Embrace the Bean

Call them beans or legumes, lentils or dhal; the nutrient-packed dried bean is a one of the healthiest foods, providing a wide range of proteins, carbohydrates, fats, vitamins, and minerals. And yet, most of us don’t include beans in our regular meals. While some people feel they just don’t like beans, many don’t know how to cook them or how easy it can be to include into standard meals. I’m a big fan of beans, there is usually either a pot cooking on the stove or one ready to eat in the fridge.

Not only a nutrient powerhouse, beans are also inexpensive and easy to store. And don’t be scared off by canned beans, they “can” be just as healthy ;). Just watch out for the sodium content, this varies widely from none at all to 30% of your daily needs per 1/2 cup serving. Or you can save money and make cook them yourself.

Here are some of my favorite, simple ways to cook and eat beans:

Go Dried

Cooking beans from scratch isn’t hard, but it does take time and some planning. If you are like me and want to have beans routinely available, cooking a pot every few days can become woven into your weekly habits. Note that cooking time varies based on how old the beans are; this is a bit unpredictable so make sure to check your beans and keep cooking until they are tender.

    1. Soak 1 1/2 to 2 cups of dried beans overnight (this will decrease the cooking time, you can skip this step, but then allow for about twice the cooking time).
    2. Add drained bean with water to cover by 2 inches or so. Add any of the following flavorings: 1 quartered onion, 2 smashed garlic cloves, 2 bay leaves, one dried chili pepper, 1 glug olive oil.
    3. Bring to a boil over high heat and let boil for 5 minutes, then reduce to a simmer and cook until tender. Check after 30 minutes, they may take up to an hour longer. Add 1 teaspoon salt (optional) once cooked and remove the flavorings.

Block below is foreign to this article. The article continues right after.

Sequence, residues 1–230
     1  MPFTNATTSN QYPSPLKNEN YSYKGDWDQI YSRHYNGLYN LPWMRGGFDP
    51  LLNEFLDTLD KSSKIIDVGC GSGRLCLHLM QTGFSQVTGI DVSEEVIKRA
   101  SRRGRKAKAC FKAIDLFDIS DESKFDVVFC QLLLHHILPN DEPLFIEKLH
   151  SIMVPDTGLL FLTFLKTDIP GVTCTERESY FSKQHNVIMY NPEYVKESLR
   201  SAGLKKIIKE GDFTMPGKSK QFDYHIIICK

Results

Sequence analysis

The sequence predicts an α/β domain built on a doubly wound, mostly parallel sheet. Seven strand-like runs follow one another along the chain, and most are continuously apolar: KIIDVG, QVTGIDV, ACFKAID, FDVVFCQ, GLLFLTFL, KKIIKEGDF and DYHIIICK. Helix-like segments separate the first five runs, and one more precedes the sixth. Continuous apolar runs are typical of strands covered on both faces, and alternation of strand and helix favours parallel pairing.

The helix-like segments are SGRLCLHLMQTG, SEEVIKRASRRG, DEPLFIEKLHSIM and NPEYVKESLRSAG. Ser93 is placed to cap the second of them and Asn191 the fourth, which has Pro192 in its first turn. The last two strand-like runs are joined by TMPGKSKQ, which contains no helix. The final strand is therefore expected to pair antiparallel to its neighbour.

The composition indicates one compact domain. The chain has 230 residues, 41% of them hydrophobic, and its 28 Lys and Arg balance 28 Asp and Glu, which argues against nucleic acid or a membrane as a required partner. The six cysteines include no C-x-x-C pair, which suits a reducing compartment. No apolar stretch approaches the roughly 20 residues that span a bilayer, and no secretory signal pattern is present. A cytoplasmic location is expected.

4. Store the beans in their broth. As you use them, don’t toss out the liquid as it’s packed with flavorful and can be used in any recipe that calls for broth.

The Meal Booster

Adding beans to any meal will make it more substantial; providing a fiber and protein boost, keeping you full with slow release energy. Add drained cooked or canned beans to salad, soups, stews, stir-fries, or pasta.

Puréed Perfection

Combining cooked beans with sautéed onions, herbs and spices creates a dense, flavorful treat. Use as a dip for vegetables, spread on toast and tortillas, or add to your next Buddha bowl.

  1. In a large sauce pan, sauté over medium heat 1 diced onion in 1/4 cup of oil until soft and starting to crisp
  2. Add 2 diced cloves garlic, 1 tsp cumin, 1/2 tsp salt and 1/8 tsp cayenne; cook for 1 minute
  3. Add 1 can or 2 cups of cooked beans along with 1/2 cup of bean or other broth. Cook 5 min until starting to thicken.
  4. Either mash in the pot with a potato masher or puree in a food processor or blender, adding more bean broth, stock or water to create a moist puree.

Bean Forward Eats

There are many ways to make a pot of flavorful beans that can be the centerpiece of your meal. Serve these with brown rice or over a baked sweet potato. Adding vegetables to the pot is an easy way to have a balanced meal.

  1. In a stock pot, sasuté over medium heat 1 diced onion in a tablespoon of oil until soft and starting to crisp. Optional: add 1-2 cups of chopped vegetables like carrots, cabbage, broccoli, or green beans and cook for another 5 minutes.
  2. Add 2 diced cloves garlic, I can diced tomatoes with their juice or (2 large tomatoes), 1 tsp cumin, 1/8 tsp cayenne, 1/2 tsp salt and 1 can or 2 cups cooked beans. Cook for 2 minutes, stirring frequently.
  3. Add 2 cups broth or water. Optional: add 1-2 cups of chopped greens like kale, collards, or chard. Cook at a simmer for ten minutes.

These are just a few of the many options for adding beans to your diet. What are your favorite go to recipes?

Happy eating!

Jason

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